With only weeks left before the traditional start of ski season, and with just days left to file an operating plan detailing ski patrol operations and lift inspection reports, tensions remain high at Bear Valley Mountain Resort.
Owners of the resort remain mostly mum.
One of the partners, Chuck Toeniskoetter, reached Tues-day, said, “In these situations you have to be very careful. We all want this to turn out well, so all I would tell people is just to wait a little bit longer.”
“There’s really nothing to say right now,” he added. “Call me back in a week.”
Resort management has yet to comment on the layoff of 19 resort staffers in June and, with many remaining staffers on furlough through Nov. 16, news from the mountain is ever-harder to come by.
That’s bringing the crowds back to the ski area’s Facebook page, where area business owners and concerned season passholders have sustained the social media equivalent of a town hall meeting for the better part of five months.
“Seems really unlikely that they are going to be open this year. So here’s my question. Can I get my stuff out of my locker?” asked one poster who could not be reached for comment as of press time Thursday.
“(Eight) million potential customers want to know; as well as those 75,000 who showed up last year to support the area,” added another.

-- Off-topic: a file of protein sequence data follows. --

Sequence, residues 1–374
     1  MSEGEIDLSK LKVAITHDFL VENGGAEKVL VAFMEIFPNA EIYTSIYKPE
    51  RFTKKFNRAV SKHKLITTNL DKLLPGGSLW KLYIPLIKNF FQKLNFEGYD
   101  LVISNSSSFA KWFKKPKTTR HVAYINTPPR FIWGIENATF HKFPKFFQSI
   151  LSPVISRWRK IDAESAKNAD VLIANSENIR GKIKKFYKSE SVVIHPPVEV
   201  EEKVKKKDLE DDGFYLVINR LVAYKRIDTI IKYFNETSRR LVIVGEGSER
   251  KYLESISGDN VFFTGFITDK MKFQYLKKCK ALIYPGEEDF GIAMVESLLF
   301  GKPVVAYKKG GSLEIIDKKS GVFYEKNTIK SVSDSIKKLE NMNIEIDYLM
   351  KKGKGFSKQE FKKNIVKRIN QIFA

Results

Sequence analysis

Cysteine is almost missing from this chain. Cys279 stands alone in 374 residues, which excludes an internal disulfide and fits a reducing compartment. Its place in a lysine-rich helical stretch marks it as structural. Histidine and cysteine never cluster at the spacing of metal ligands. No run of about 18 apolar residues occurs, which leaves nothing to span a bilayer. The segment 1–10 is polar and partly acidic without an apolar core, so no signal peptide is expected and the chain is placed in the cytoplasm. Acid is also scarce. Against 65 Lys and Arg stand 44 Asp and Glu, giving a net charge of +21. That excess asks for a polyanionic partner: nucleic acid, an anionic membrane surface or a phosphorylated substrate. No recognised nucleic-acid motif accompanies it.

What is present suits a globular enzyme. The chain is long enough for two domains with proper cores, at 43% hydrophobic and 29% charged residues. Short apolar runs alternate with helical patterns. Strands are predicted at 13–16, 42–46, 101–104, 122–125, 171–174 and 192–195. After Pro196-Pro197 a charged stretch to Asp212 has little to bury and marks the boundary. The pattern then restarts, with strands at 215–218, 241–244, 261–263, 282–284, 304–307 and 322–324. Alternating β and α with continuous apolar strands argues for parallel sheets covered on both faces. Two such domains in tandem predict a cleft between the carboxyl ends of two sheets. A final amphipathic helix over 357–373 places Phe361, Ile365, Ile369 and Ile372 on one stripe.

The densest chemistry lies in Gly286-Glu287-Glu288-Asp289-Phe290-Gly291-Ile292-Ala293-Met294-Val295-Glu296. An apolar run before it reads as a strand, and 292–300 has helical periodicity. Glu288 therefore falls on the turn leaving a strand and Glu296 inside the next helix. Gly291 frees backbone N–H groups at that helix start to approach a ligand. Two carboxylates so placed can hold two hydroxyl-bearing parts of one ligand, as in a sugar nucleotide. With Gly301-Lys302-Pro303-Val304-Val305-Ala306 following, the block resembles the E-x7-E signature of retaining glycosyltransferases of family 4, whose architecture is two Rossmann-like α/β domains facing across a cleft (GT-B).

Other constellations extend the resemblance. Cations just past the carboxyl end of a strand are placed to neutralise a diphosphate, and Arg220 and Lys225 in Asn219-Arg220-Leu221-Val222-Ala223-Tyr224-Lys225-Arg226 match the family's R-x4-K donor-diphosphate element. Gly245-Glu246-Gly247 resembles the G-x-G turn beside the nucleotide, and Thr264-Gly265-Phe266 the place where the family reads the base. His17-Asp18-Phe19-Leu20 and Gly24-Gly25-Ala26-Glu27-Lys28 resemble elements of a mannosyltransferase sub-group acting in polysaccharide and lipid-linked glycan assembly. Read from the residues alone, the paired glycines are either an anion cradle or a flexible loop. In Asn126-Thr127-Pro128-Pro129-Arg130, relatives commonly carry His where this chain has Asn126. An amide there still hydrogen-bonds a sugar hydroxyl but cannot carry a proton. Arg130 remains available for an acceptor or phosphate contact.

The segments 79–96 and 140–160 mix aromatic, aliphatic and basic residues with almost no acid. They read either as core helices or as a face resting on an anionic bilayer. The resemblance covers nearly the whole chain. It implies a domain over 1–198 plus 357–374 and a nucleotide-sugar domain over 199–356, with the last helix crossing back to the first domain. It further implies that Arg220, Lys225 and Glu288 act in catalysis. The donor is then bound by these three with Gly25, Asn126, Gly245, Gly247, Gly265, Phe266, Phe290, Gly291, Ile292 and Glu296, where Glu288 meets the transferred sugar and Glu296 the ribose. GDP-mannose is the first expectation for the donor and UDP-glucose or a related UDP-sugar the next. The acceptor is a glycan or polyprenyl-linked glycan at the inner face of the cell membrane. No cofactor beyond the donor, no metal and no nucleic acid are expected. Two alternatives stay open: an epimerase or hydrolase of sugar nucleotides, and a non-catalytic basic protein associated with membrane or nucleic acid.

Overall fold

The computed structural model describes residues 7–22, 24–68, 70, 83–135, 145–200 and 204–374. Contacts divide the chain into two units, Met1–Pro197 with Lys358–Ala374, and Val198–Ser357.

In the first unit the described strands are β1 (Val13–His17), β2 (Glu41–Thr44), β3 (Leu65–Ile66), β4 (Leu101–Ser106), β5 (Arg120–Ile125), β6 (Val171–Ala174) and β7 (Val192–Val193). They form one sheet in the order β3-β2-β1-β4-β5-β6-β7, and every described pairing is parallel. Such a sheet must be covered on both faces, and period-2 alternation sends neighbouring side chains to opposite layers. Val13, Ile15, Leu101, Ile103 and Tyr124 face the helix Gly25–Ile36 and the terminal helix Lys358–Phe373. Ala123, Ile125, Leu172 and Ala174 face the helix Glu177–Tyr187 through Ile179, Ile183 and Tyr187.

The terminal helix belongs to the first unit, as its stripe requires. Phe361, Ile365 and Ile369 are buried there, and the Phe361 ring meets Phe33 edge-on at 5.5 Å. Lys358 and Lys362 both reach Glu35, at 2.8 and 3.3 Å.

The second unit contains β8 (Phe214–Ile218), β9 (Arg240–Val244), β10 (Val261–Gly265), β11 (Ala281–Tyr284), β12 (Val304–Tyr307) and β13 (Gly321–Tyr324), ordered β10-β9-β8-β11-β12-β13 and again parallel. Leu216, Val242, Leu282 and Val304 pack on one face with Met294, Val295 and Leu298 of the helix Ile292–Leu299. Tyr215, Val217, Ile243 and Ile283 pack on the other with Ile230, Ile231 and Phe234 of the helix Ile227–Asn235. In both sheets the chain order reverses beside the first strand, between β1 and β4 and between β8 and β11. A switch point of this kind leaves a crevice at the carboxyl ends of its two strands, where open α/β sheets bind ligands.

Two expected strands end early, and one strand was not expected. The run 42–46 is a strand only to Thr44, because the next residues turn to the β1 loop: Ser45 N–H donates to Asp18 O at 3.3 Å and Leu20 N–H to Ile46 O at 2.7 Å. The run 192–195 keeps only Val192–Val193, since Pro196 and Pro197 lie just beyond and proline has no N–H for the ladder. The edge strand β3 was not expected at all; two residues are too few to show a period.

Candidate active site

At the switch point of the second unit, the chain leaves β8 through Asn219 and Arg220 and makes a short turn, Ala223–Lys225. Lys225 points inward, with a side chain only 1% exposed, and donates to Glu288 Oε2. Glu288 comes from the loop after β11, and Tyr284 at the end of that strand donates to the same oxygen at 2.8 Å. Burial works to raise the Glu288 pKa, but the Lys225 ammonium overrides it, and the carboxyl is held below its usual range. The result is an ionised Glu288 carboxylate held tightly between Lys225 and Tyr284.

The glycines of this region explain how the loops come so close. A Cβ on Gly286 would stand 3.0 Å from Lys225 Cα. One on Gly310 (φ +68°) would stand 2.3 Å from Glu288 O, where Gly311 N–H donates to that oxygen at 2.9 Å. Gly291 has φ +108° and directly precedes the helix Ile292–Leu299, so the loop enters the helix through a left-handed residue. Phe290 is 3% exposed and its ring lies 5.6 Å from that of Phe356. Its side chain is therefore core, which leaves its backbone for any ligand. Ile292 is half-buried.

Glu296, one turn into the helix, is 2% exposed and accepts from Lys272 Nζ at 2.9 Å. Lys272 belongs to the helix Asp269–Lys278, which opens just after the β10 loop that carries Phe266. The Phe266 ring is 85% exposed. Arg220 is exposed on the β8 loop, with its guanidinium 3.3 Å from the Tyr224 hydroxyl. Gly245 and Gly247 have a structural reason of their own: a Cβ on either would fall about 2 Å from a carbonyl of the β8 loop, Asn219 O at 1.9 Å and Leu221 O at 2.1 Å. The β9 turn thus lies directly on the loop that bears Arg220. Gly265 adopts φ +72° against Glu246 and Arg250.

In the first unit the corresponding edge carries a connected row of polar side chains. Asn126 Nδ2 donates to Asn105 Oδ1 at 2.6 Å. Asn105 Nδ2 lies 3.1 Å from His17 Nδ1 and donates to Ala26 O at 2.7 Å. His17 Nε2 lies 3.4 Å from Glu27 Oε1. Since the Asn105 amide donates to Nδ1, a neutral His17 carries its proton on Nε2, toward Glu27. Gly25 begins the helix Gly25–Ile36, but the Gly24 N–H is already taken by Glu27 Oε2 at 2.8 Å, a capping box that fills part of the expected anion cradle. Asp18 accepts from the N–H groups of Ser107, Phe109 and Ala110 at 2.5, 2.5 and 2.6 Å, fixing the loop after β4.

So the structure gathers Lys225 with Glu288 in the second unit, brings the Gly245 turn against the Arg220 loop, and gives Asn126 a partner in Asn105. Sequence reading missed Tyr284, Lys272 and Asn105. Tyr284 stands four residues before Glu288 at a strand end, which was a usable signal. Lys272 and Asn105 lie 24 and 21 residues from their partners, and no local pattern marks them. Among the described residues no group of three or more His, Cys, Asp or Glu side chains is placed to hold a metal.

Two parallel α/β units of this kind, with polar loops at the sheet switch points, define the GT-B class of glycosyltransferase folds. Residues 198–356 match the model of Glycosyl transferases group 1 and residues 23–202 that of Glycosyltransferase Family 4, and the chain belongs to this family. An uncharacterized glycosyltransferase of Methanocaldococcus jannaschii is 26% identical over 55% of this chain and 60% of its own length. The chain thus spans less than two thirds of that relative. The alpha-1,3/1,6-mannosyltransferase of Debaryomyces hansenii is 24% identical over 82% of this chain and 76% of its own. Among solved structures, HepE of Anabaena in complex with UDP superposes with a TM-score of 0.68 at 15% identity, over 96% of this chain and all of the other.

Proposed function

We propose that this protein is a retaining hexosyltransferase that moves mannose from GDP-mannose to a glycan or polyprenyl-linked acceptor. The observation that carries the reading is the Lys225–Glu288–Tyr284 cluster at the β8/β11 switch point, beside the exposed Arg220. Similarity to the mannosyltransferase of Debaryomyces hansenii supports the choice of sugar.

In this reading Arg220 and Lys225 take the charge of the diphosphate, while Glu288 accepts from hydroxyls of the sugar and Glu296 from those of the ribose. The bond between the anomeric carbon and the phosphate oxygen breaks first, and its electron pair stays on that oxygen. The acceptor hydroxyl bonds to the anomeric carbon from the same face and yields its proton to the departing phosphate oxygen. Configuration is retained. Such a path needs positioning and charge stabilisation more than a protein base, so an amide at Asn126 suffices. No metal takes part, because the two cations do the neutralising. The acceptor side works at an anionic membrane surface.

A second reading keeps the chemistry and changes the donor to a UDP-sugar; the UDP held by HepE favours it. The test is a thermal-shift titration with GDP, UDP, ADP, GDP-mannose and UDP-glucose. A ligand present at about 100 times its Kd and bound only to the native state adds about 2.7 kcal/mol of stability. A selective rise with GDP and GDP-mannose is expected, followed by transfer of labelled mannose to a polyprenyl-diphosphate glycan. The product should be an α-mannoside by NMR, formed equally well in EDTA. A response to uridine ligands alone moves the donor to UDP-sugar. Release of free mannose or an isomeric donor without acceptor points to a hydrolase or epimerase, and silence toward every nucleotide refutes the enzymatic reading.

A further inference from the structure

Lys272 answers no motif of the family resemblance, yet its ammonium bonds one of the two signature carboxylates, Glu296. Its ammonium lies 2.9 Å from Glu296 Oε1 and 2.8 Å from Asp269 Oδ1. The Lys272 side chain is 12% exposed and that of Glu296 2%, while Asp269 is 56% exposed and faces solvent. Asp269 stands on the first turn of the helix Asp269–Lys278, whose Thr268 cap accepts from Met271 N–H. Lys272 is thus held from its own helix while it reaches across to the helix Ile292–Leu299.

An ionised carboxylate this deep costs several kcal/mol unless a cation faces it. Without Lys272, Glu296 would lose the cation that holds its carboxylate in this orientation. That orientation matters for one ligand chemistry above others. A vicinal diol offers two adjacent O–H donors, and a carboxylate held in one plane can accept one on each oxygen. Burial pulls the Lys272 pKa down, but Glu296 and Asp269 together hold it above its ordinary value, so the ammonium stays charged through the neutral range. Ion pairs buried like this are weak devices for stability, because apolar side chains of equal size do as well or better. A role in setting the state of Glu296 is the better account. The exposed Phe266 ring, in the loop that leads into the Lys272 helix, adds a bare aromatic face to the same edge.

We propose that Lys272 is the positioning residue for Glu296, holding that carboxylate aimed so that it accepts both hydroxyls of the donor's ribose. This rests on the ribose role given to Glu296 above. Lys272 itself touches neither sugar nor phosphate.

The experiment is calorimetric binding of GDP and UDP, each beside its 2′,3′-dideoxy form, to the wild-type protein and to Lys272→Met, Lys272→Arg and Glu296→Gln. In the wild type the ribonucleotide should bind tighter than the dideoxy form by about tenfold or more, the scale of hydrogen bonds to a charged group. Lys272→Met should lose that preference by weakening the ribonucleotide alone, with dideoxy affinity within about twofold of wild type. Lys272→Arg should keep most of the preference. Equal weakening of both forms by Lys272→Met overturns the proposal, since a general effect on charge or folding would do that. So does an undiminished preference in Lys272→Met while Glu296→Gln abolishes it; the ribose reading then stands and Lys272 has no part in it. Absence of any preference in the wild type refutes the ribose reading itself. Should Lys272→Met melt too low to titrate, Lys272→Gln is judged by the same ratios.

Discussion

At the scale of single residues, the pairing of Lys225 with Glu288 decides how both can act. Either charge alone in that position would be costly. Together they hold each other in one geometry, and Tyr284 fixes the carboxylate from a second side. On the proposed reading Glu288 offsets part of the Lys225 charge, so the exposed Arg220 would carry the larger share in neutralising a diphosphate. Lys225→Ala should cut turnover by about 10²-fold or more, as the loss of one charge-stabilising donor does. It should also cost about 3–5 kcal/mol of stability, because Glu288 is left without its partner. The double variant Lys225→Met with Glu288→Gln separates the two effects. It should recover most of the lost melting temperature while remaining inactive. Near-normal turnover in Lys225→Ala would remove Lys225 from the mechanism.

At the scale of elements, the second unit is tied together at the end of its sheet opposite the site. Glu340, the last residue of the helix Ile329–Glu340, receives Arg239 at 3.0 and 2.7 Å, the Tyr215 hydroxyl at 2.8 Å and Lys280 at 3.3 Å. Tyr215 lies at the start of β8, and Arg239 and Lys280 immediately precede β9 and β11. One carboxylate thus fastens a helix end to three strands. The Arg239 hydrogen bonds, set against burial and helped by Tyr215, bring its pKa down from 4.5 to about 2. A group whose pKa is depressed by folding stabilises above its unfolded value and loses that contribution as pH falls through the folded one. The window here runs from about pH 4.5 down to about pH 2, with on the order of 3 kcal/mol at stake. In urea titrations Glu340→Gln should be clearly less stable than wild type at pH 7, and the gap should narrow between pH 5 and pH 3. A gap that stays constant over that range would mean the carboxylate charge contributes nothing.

Still others pointed to the fact that normal ski lift and equipment maintenance operations, dormant since summer’s layoffs, must be completed within 60 days of the Forest Service’s Oct. 15 deadline for turning in a completed operating plan.
Reached for comment Wednesday, Bear Valley spokeswoman Rosie Sundell wasn’t too concerned.
“We don’t plan to miss any deadlines,” Sundell said, explaining that the mountain’s operational plan, while still incomplete, is very much in the works.
“Things like the event schedules that include partners and third party vendors don’t always come together this early and get amended as needed,” she said. “Basic operation details are not as difficult.”
Paul Petersen was equally upbeat. The Bear Valley Adventure Co. owner has decades-old business ties to Toeniskoetter, though he said he hadn’t gleaned much from a conversation with Toeniskoetter earlier this week.
“(Management) are not showing their cards,” Petersen said. “Even for me, and I’ve known Chuck for 24 years; he’s real poker-faced. That’s how he chooses to do business.”
“They have a logjam they’re going to unjam,” Petersen added. “Whether that’s a positive or a negative, I don’t know; but reading the tea leaves, sitting where I sit, I think it’s going to be a positive.”
Contact James DeHaven at email@example.com.